“My third rod was fished down the right hand margin, towards a snag at the entrance to the out-of-bounds. The night was eventful, landing a further seven carp up to 19lb. However, all fish had come from open water over the baited area, which was topped up with 100 baits or so after each bite.

“By morning, the weather had changed, a low front had come in with the pressure rapidly dropping. It looked absolutely prime! However, the lake just completely switched off, and I didn’t see anything for the next 24 hours and nothing round the lake was seen or caught.

“I was in two minds whether to move so I went for a walk round the lake. Nothing was showing in open water, however it was clear the fish had moved into the out of bounds at either ends of the lake, away from the pressure. With this in mind, I stayed put as if the fish were to venture out of the out of bounds, then in my position in river point I would be able to intercept them.

“With this in mind, I decided to put another five kilos of bait in, however this time concentrated the bait in and around the out-of-bounds entrance and literally spread everywhere. The aim was to get the fish moving and actively searching for the bait to hold them there for longer, before venturing back in or out of the out of bounds.

“The tactic paid off, as on my final night I was rewarded with a further five fish, including a beautiful 28lb 2oz fully scaly mirror, and commons of 27lb 12oz, 24lb 8oz, 23lb 2oz and 21lb 10oz. It really is exciting fishing in river point, as down the right hand side it really is a “hit and hold” style of fishing and providing you fish safely and sensible, you shouldn’t have any problems landing fish!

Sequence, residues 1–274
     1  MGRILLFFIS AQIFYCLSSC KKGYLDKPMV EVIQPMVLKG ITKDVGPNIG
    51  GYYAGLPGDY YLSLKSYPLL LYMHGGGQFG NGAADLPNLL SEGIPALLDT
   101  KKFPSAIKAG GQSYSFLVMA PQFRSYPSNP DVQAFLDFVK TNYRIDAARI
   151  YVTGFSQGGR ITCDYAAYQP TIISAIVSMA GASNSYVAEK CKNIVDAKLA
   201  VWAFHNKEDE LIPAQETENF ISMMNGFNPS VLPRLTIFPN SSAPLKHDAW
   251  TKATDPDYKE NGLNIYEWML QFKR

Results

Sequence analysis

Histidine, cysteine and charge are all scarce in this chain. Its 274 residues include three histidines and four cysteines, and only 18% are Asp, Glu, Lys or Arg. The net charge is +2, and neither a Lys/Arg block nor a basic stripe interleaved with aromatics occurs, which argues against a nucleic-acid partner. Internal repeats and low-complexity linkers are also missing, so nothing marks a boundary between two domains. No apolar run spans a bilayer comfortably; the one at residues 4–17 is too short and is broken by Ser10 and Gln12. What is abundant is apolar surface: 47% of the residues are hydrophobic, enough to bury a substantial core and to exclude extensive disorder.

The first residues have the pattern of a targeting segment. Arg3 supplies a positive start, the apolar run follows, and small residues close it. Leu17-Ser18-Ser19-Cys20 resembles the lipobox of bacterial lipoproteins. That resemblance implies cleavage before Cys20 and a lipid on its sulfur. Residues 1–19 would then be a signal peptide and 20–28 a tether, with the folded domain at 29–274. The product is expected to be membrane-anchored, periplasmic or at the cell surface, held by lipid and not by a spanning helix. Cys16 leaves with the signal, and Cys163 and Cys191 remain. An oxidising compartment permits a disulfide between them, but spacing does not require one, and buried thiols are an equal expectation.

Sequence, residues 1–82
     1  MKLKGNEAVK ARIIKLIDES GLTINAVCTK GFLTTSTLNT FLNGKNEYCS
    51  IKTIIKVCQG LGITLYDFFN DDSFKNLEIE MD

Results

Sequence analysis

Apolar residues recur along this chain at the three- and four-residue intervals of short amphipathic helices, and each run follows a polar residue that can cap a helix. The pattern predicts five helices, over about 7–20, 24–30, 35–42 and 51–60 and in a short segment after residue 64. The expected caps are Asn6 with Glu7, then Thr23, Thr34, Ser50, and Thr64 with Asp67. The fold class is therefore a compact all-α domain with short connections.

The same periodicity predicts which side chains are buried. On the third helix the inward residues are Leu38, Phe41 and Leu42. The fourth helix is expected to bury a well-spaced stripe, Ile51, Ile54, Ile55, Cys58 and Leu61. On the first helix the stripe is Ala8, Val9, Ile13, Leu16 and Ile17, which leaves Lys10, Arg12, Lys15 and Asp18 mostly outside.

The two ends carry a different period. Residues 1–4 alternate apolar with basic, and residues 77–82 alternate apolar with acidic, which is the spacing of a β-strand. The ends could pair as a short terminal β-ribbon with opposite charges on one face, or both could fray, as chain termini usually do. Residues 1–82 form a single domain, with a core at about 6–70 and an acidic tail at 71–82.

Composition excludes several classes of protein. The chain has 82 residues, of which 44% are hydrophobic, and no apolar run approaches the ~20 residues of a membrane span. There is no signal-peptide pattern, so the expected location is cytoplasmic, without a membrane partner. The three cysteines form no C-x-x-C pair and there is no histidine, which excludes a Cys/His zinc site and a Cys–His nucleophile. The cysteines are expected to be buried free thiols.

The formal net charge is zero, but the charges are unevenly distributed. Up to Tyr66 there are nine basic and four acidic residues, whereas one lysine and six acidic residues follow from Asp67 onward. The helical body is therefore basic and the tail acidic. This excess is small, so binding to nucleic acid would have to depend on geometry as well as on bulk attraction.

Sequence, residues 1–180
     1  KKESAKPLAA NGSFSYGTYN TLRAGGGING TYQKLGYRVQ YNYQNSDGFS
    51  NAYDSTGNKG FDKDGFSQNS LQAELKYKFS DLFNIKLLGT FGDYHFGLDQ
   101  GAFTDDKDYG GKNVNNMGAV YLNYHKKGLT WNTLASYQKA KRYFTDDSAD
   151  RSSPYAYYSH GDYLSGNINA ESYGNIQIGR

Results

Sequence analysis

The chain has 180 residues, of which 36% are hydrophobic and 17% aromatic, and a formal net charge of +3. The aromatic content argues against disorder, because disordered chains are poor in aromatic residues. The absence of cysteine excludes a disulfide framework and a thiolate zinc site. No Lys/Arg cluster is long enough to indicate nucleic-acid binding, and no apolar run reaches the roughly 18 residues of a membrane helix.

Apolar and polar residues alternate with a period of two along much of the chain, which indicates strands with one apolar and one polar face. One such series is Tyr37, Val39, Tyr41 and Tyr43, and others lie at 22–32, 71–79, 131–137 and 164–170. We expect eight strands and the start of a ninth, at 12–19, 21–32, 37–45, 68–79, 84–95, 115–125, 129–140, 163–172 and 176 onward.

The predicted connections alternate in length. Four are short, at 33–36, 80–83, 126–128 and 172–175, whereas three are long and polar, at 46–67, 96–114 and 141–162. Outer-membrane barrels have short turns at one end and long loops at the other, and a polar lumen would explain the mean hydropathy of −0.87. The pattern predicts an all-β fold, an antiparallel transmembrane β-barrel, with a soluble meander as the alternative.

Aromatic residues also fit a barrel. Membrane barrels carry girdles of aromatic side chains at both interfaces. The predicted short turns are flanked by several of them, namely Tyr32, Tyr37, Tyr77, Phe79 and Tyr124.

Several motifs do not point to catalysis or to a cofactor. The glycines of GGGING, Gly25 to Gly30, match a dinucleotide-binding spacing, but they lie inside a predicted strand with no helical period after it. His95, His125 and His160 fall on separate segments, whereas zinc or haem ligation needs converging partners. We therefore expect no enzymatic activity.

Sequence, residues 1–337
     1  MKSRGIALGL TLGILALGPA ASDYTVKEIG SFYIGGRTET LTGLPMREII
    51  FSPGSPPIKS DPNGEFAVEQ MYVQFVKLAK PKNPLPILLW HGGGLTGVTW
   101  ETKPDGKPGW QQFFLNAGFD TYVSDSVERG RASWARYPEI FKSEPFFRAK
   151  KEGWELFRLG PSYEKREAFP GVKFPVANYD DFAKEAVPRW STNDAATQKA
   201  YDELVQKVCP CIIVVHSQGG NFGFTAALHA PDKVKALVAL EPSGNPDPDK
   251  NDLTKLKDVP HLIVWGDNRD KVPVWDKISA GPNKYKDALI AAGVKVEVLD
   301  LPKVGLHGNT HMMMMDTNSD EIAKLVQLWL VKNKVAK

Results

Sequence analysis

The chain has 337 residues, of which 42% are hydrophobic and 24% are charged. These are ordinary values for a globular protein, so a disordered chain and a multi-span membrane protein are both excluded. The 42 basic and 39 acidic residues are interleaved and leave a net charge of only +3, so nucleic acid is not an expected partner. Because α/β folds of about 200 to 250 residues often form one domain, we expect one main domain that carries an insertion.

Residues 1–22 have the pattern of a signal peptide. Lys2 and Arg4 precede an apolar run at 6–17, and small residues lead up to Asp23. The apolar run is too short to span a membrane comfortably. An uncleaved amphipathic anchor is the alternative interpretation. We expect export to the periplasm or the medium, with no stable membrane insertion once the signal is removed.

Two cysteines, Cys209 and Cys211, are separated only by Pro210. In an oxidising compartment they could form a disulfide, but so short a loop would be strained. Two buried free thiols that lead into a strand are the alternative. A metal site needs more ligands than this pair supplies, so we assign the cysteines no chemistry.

“Three nights were up and unfortunately due to an opticians appointment the following morning I had to make tracks, however I did have another three-night stint planned in a couple of days’ time.

“A couple of days had passed and I was eager to get back down and I managed to arrive at the lake just before darkness. I had a wander around before darkness settled in, and it was clear the lake was fishing slowly, with hardly anything coming out or being seen in open water. With this in mind and a rather busy lake, I didn’t have much choice of swims so I settled for a tiny overgrown swim in an area of the lake known as the channel. The channel is quite snaggy and offers a lot of cover for the fish, so this seemed a good bet for the time being.